In Memoriam: Ray G. Stevens
Ray G. Stevens
Media Relations Office
May 4, 2001
The Woods Hole Oceanographic Institution has received word of the death April 26, 2001, of former staff member Raymond G. Stevens of Falmouth. He was 77.
Raymond Stevens was born February 25, 1923, in Orange, New Jersey, and graduated from Palmyra High School in Palmyra, New Jersey. He attended Central College in Fayette, Missouri, for several years, and completed his undergraduate degree in physics at the State University of Iowa (now Iowa State University) in 1949. His undergraduate studies were interrupted by service in World War II, during which he served in the U.S. Navy in the Pacific theater, attaining the rank of lieutenant, junior grade. Stevens re-enlisted in the Navy during the Korean War and served as a shore patrol leader in the Mediterranean theater.
Stevens worked briefly at the David Taylor Model Basin as a physicist from 1952 to 1954. His connection to the Institution came in 1955, when he was awarded a summer student fellowship. Columbus Iselin, Director of WHOI at the time, suggested Stevens obtain a Ph.D. before rejoining the Institution. Stevens took the advice and pursued studies toward his doctorate in oceanography and meteorology at New York University (NYU), where he was named an assistant oceanographer in 1955.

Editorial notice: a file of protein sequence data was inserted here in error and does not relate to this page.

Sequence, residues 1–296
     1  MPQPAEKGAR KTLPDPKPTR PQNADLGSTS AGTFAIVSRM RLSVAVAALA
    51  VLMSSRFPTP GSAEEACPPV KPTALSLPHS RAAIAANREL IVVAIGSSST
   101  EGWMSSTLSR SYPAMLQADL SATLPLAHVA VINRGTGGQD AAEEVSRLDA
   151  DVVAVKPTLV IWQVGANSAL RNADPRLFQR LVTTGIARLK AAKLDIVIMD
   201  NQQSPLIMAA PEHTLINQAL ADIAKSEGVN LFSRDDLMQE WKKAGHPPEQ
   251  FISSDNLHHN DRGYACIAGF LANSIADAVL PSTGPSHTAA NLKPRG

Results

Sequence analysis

He was appointed a Research Associate at WHOI in July 1959 and later served as Assistant Scientist on the Resident Scientific Staff. He completed his Ph.D. at NYU in 1965; his dissertation on the regularity of sea surface spectra. He left WHOI in 1966 to join the staff at the Bedford Institute in Dartmouth, Nova Scotia, where he continued his research on his sea surface observations. He left Bedford in 1972 to form his marine consulting firm, based in Halifax, Nova Scotia. Ray Stevens retired in 1977 and returned to Falmouth.
Raymond Stevens is survived by four children, two grandchildren, a sister, and his former wife, Alta Mae Stevens of Falmouth.
A memorial service was held May 1, 2001, in Falmouth.
Originally published: May 4, 2001